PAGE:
This year marks the 100th anniversary of the first publication of Albert Einstein’s prediction of the existence of gravitational waves. With interest in this topic piqued by the centennial, researchers from UK universities in Glasgow, Birmingham, and Cardiff will discuss their ongoing efforts to observe and measure cosmic gravitational waves for scientific research at the Science Media Centre in London starting 3pm GMT on Thursday, 11 February.
Simultaneously in the US, the National Science Foundation is gathering scientists from Caltech, MIT, and the LIGO Scientific Collaboration (LSC) at the National Press Club in Washington, DC for a status report on the effort to detect gravitational waves — or ripples in the fabric of spacetime — using the Laser Interferometer Gravitational-wave Observatory (LIGO).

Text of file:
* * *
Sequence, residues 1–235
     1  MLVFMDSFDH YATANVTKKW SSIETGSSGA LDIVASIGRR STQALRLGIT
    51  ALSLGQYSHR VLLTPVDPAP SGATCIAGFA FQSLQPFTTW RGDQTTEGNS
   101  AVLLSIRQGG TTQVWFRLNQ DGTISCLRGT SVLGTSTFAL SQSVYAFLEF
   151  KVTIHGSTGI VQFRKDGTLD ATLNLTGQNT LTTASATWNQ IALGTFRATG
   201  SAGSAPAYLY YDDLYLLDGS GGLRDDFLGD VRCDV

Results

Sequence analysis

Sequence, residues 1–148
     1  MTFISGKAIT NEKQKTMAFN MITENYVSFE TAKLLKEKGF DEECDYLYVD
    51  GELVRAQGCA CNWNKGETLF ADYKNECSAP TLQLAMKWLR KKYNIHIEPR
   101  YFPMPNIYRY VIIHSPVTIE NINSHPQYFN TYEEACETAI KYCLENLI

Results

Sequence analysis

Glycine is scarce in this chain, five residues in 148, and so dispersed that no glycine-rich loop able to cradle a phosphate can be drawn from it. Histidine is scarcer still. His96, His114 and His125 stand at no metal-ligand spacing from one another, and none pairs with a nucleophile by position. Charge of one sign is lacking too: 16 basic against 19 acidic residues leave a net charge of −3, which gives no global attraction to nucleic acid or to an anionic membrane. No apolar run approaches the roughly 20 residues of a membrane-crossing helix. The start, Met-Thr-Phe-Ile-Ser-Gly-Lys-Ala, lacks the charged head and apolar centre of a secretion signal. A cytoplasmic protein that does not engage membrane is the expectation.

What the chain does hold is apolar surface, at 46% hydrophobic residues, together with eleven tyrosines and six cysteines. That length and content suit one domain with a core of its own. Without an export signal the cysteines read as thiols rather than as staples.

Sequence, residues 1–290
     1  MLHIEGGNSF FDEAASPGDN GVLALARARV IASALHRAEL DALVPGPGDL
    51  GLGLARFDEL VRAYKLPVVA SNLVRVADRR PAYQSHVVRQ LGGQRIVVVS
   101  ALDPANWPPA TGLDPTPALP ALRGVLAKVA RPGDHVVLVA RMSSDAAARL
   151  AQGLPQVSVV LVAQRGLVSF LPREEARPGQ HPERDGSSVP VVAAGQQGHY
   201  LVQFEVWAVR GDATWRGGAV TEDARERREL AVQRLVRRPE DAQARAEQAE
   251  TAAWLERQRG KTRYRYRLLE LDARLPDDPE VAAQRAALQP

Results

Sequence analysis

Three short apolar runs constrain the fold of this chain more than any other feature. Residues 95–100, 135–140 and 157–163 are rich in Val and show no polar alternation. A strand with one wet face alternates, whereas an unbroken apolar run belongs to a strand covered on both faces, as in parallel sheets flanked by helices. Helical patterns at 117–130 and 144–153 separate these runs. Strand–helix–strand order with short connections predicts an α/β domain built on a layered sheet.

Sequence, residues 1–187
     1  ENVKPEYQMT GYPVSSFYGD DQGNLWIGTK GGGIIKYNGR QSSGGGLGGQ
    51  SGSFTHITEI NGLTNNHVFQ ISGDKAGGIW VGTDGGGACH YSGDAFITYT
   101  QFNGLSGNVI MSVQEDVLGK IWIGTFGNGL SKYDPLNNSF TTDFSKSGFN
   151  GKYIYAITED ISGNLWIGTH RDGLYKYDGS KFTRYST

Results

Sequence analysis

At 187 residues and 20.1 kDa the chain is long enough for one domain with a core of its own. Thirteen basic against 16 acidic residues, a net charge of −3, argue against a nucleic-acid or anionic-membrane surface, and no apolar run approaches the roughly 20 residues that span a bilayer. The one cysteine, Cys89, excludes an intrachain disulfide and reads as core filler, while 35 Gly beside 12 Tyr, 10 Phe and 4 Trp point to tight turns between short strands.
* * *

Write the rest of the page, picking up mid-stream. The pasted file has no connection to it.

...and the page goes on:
LIGO, a system of two identical detectors carefully constructed to detect incredibly tiny vibrations from passing gravitational waves, was conceived and built by MIT and Caltech researchers, funded by the National Science Foundation, with significant contributions from other U.S. and international partners. The twin detectors are located in Livingston, Louisiana, and Hanford, Washington. Research and analysis of data from the detectors is carried out by a global group of scientists, including the LSC, which includes the GEO600 Collaboration, and the VIRGO Collaboration.